Kareem Sues Auction House for his Stuff

     LOS ANGELES (CN) – Kareem Abdul-Jabbar sued a Beverly Hills auction house this week, claiming it refuses to return 152 items of his memorabilia, including a signed Bruce Lee movie poster.
     Abdul-Jabbar sued Julien Entertainment and Julien’s Auction on Tuesday in Superior Court, claiming the auction house is holding items “hostage” because of a legal dispute with KAJ Lifetime Retirement Collection – which Abdul-Jabbar enlisted to negotiate a consignment agreement for his memorabilia.
     An exhibit attached to the lawsuit lists the 152 items Abdul-Jabbar wants back, including his jerseys, sweatpants, awards, lithographs and other items. The list includes a signed poster for the 1973 Bruce Lee movie “Game of Death.” The exhibit does not make clear who signed the movie poster. Abdul-Jabbar appeared in the Hong Kong martial arts movie as a character called Hakim. Lee died before the movie was finished.
     Abdul-Jabbar claims that KAJ entered into a consignment agreement with Julien’s to auction 400 items but asked that six items not go on the block. Abdul-Jabbar says that those items were never handed over to the auction house.
     Julien’s took exception in an arbitration filing for breach of consignment agreement, according to the 9-page lawsuit. In June, a judge sided with Julien’s and awarded it damages. But the arbitrator found that the auctioneer is “‘not entitled to specific performance,'” according to the lawsuit.
     “Thus, Julien’s is not permitted to move forward with an auction of any of the items consigned pursuant to the consignment agreement, including the property that unlawfully remains in Julien’s possession,” the complaint states.
     But despite multiple demands, Julien’s has refused to return the 152 items of memorabilia, Abdul-Jabbar says.
     He says the auction house is “extremely unprofessional and litigious,” though its president and CEO Darren Julien had told him that the auction house was “flexible” and would let him keep hold of “sentimental items.”
     “Moreover, despite the fact that Julien’s is not entitled to proceed with an auction, Julien’s has refused to return Mr. Abdul-Jabbar’s personal property and has forced Mr. Abdul-Jabbar to commence this legal action to recover his property. Julien’s is illegally holding hostage Mr. Abdul-Jabbar’s personal property, which he earned over his career, in an attempt to leverage its financial interests against” KAJ Lifetime Retirement Collection, the complaint states.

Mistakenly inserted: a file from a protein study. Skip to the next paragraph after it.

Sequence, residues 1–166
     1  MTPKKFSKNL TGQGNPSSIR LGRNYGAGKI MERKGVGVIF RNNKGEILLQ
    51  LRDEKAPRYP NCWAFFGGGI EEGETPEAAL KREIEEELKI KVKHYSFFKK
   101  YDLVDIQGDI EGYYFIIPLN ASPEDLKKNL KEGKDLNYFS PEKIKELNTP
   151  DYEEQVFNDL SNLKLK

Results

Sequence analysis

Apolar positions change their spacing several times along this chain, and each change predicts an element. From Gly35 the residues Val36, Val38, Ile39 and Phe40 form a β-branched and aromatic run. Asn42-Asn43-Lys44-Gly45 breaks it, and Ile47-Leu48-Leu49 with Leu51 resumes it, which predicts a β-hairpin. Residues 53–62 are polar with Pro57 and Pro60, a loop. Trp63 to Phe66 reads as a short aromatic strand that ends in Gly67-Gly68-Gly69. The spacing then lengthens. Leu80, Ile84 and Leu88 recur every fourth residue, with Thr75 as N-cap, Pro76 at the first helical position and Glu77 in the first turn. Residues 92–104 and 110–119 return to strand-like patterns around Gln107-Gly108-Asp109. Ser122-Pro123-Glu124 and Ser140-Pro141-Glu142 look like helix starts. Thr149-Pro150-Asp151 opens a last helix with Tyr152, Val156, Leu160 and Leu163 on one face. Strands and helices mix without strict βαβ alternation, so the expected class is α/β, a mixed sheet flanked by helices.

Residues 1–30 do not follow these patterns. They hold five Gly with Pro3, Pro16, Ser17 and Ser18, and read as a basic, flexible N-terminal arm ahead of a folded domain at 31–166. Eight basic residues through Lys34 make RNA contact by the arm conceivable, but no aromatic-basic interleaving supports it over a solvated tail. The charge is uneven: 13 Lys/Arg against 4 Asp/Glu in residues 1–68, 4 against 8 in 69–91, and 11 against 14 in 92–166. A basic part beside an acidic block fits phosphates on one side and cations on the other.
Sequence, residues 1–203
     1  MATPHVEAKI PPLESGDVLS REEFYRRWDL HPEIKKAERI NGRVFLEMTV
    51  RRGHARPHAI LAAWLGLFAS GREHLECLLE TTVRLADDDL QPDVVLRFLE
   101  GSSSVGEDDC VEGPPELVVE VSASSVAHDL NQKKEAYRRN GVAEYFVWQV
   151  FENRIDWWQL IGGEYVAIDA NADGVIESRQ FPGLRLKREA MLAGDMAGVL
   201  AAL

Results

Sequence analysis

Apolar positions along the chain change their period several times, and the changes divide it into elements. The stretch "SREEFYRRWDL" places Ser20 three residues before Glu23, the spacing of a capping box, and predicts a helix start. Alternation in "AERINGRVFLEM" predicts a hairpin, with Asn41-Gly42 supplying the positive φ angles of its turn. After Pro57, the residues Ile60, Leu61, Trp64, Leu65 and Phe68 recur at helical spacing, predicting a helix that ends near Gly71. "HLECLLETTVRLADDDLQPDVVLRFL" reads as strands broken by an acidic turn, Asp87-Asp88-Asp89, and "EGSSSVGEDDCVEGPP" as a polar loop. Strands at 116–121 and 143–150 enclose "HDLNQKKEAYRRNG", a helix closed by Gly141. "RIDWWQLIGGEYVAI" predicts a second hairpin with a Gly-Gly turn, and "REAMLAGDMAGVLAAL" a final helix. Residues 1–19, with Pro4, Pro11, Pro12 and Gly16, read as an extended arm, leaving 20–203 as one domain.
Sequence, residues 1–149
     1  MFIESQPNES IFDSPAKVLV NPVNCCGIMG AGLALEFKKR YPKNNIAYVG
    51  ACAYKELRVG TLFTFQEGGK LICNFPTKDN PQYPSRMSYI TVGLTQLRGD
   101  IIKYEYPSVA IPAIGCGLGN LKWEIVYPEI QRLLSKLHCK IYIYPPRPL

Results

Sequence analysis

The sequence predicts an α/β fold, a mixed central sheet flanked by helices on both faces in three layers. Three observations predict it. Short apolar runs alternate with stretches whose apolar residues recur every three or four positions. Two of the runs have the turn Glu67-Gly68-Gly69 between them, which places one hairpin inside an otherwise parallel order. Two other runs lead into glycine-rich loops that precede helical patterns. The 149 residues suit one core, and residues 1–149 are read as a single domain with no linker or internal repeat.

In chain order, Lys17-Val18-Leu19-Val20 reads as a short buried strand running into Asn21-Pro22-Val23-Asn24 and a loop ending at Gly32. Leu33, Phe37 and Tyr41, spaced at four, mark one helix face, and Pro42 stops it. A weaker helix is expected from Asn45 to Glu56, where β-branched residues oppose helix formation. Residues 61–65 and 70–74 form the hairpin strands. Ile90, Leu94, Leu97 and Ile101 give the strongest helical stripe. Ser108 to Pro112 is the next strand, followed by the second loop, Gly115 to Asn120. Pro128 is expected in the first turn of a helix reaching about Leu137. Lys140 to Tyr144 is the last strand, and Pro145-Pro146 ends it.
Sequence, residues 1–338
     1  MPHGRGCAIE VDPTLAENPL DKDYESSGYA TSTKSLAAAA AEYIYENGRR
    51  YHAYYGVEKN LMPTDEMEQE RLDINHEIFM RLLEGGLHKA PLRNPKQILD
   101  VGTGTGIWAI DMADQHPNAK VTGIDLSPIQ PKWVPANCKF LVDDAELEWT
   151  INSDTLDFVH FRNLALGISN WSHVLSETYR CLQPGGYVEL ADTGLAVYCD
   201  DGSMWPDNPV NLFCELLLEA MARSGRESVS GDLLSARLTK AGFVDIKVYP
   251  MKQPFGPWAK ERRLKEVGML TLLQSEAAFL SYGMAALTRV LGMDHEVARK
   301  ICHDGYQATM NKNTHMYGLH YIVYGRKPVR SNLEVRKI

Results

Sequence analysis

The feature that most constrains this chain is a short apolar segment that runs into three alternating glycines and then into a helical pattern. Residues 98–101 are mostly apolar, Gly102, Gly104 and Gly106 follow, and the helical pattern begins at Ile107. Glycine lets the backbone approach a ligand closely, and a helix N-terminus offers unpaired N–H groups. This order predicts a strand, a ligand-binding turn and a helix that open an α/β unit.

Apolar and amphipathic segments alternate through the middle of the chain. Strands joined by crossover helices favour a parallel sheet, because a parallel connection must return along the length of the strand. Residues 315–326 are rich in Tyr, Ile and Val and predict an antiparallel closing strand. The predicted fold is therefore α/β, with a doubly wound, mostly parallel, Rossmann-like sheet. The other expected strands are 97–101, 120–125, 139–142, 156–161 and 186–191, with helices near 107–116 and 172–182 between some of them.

KAJ Lifetime is not a party to the lawsuit.
     Abdul-Jabbar wants his property back, plus compensatory and punitive damages, and costs.
     Miles Feldman and Sonia Lee, attorneys at Raines Feldman for Julien’s Auctions, called Abdul-Jabbar’s claims “categorically false.”
     Abdul-Jabbar had consigned the items “through his company KAJ Lifetime Retirement Collection” and had “caused his company to breach the consignment agreement by refusing to turn over the bulk of the items consigned, seeking to withdraw items that had been consigned for sale, and ultimately canceling the auction, all after having received a $300,000 advance from Julien’s Auctions,” the lawyers said in an Aug. 1 email to Courthouse News.
     Noting that Abdul-Jabbar had refused to return the advance, the firm said Julien’s was left “with no choice but to initiate an arbitration proceeding.”
     “Julien’s recently prevailed in that arbitration, with the arbitrator finding that the consignment agreement was valid, binding, and enforceable, and that Mr. Abdul-Jabbar had no right to seek to withdraw any items consigned to Julien’s, or to cancel the auction,” the firm’s email states. “The arbitrator awarded significant damages against Mr. Abdul-Jabbar’s company. Under the consignment agreement, already found to be enforceable, Julien’s has an absolute right to possession of the items consigned until Mr. Abdul-Jabbar satisfies the judgment.”
     The firm also noted that Julien’s is pursuing claims against Abdul-Jabbar’s “business associate, Deborah Morales, and her company, Iconomy.”
     Julien’s meanwhile has faced legal demands for return of property in the past.
     In 2009, Michael Jackson claimed Julien’s had listed 2,000 items for auction before the King of Pop could decide which items he wanted to keep.
     In November 2012, Boxing champ Evander Holyfield claimed Julien’s refused to return items from his collection of boxing memorabilia.
     The auction house countersued, claiming Holyfield’s lawsuit was frivolous.
     Adbul-Jabbar is represented by Evan Smiley, with Weiland, Golden, Smiley, Wang Ekvall & Strok of Costa Mesa.

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